- #1

Zach Smith

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**[SOLVED] Centripetal Force and G Forces while traveling over a hill**

## Homework Statement

Hi everyone - I've had some problems wrapping my head around the ideas behind centripetal force while traveling over a hill, and, at wits end after journeying for hours through sites which are either ridiculously complex or disagree with each other, I thought I would come for help here. I've got to write a piece of coursework about the physics of a rollercoaster, and rather than follow all my classmates' examples and write something about conservation of energy, I thought I'd be adventurous and try out centripetal force.

We've been given data about a specific rollercoaster - a rather simple one. A large initial force is provided to the cart, it goes over a steep incline (~60m), then drops the same distance very soon after. We've even been given all the calculations relevant to centripetal force while traveling on this path (including the solutions). However, I simply don't understand where some of the assumptions used in calculations are coming from, and I don't want to copy+paste them into a piece of work without actually understanding what they mean. Thus the problem arises.

## Homework Equations

These are the equations for the rollercoaster that have been given. The complexity of the ride has been simplified somewhat: the incline, small section at the peak of the hill and decline have been reduced to one equation for each, presumably representing the average radius and velocity at these points. The mass of the person traveling on the ride is assumed to be 100Kg (the mass of the cart itself is about 10 tonnes).

Calculation 1: Incline of the "hill"

Curve radius = 35m

Centripetal force = (mv^2)/r

Centripetal force on 100Kg rider= 100 x 38 x 38 / 35

Centripetal force = 4125N

Force of 1g on a 100Kg person = 1000N

4125N = 4.1g

Total force on rider = 4.1g + 1.0g = 5.1g

Calculation 2: Peak of the "hill"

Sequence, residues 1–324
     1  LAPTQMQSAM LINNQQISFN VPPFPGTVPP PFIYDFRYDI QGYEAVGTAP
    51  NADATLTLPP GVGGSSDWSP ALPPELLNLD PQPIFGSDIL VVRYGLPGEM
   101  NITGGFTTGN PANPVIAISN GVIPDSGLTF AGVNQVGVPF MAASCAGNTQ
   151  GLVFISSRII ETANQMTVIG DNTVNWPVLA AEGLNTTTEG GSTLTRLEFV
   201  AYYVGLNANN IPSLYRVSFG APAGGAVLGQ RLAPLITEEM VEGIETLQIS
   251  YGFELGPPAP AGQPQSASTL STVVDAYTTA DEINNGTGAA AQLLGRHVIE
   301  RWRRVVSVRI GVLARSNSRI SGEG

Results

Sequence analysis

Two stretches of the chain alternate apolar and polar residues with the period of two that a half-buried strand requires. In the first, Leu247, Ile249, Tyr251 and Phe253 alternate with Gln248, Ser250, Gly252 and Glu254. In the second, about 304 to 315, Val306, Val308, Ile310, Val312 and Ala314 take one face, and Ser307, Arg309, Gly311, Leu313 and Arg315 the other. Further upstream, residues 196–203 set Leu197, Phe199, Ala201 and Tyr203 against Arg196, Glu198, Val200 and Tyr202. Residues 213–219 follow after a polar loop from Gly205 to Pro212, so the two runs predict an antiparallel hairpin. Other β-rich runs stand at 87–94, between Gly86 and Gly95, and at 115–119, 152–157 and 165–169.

Outside curve radius 8m

Centripetal force = (mv^2)/r

Centripetal force = 100 x 12 x 12 / 8

Centripetal force = 1800N

Force of 1g on a 100Kg person = 1000N

Resultant force 800N = 0.8g

Calculation 3: Decline of the "hill"

Curve radius 40m

Centripetal force = (mv^2)/r

Centripetal force = 100 x 35 x 35 / 40

Centripetal force = 3062N

Force of 1g on a 1000Kg person = 1000N

Resultant force on rider = 3.1g + 1.0g = 4.1g

## The Attempt at a Solution

With calculations 1 and 3, I don't understand how the weight of the rider is being added to the centripetal force to calculate the G force involved. Gravity itself would possibly have some impact on G force involved, as at some times both forces will have a vertical component downwards - however, these would be added as vectors, so it wouldn't be a constant +1g (and it wouldn't reach that either). Another possible solution is that the normal is moved because of the combination of tangential and radial acceleration (the tangential acceleration coming primarily from gravity but also from friction and air resistance). However, it was my understanding that the normal is the force that stops the track from buckling under the inward force presented by the curve, and it is this force acting on the passenger that causes the actual sensation. It wouldn't make sense for it to move. So how is mg being added to the centripetal force in order to determine the total force pulling the passenger towards the centre?

With the second calculation, mg is subtracted from the centripetal force to give the resultant force. Once again, I am confused as to why. If the cart became inverted whilst traveling over the hill, I could see how a force would act in a direction generally away from the centre of motion in order to prevent the cart from falling, but this is not the case - the cart remains upright while traveling over it. If anything, my understanding is that the centripetal force would now be more in-line with gravity than before, and so the two effects would be added. However, seemingly not. I would really appreciate if anyone could explain where I've gone wrong in intepreting these calculations.

I do apologise if my questions have some simple answer that I've missed, or if that this is an issue too basic for discussion on this forum - pretty much all of the other topics I've seen here make very little sense to me. However, my other attempts at gathering information have been fruitless, and I would really like to talk about something more complex than energy conservation for this work. Thanks in advance for any help I do get.